Random access from a large set of data is expensive because of the way MySQL (and possibly other RDBs) handle it internally, which essentially results in a test for every column. To get around it you can select count and do your own random key, which I guess really isn't too bad.
02-18-2006, 09:43 PM
marek: i thought about the possibility of bots using the captcha code too. i think that can be mitigated by making the instructions sufficiently random, and sufficiently complex.
But the CAPTCHA mechanism must be able tu generate that random ting and know to which word it points to. This will become quite limited as the amount of possibilities will be the amount of different CAPTCHA generated questions not the text length it uses.
02-19-2006, 12:03 AM
I like your reasons for doing this, but at the end of the day the more accessible it is to users with varying dissabilities, the more open it is to parsing by bots... semi-defeating the purpose in the process.
The reason for this is that assistive technologies are merely user-directed bots. If their bot can make sense of it, so can a bot built with malicious intentions.
The only way around the above problem is by (as you say) "making the instructions sufficiently random, and sufficiently complex".
Now we're not only blocking users on the basis of their physical ability, but also on the basis of their cognitive ability. ouch :(
In my opinion, all CAPTCHAs and usability are mutually exclusive to a degree, regardless of the CAPTHCA type. This is because no matter where you move the tipping point of "block users vs. block bots", it will always exist. Healthy balances can be found for most situations, but I believe the site's/app's user base needs to be thoroughly researched prior to implementing something like this. For that reason, I have difficulty supporting the idea of any 'one size fits all' solution :)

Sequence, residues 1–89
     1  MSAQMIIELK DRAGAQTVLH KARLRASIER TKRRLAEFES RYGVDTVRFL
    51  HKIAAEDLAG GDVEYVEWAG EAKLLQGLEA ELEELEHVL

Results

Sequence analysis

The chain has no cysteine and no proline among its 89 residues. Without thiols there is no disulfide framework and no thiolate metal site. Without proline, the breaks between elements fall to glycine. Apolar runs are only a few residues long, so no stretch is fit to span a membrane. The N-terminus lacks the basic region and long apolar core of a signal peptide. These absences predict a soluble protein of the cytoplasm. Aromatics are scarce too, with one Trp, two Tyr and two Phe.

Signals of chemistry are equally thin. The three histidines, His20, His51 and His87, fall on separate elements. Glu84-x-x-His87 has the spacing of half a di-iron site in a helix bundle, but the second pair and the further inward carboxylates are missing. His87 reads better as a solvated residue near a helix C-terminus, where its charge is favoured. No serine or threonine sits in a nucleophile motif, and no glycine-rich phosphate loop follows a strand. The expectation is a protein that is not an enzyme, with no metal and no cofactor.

I like your solution because it moves the usability tipping point further in favour of users, but in doing so, also makes the CAPTCHA much less effective at blocking machines.
As Ralph stated earlier, you got text, we got regex. Everything you can output, we can deconstruct ;)
02-19-2006, 02:09 AM
I dunno, I like the idea , I dont like captcha , I am fully sighted (and not entirely dense;)) and I still get captcha's wrong sometimes if the image fonts are weird enough (or the destinction between lower and upper case is fuzzy).
If you were echoing a random quote and then asking for a random $x'th word of that quote for verification and you were using an image for the question and the quote ... I think that would be hard enough to put off most bots ?
02-19-2006, 03:27 AM
well, i'm pretty sure you guys are over-estimating what can be done with Regexes. there's plenty of things that are hard to do with pattern matching. the real problem is in keeping the instructions from being repetitive, like marek says: if the bank of questions you build from is too limited, then a bot could brute force for question samples, and then build a DB of questions to work off of. the bulk of the code in this project would be randomly generating instructions that are simple enough that you could follow them as they were read aloud to you, but that are too difficult for a machine to follow. i think that this is difficult, but possible.
i'd still like to give it a try at any rater, though for all i know, it could be beyond my coding ability; i've never implemented a decision tree before. i'll update here as the project progresses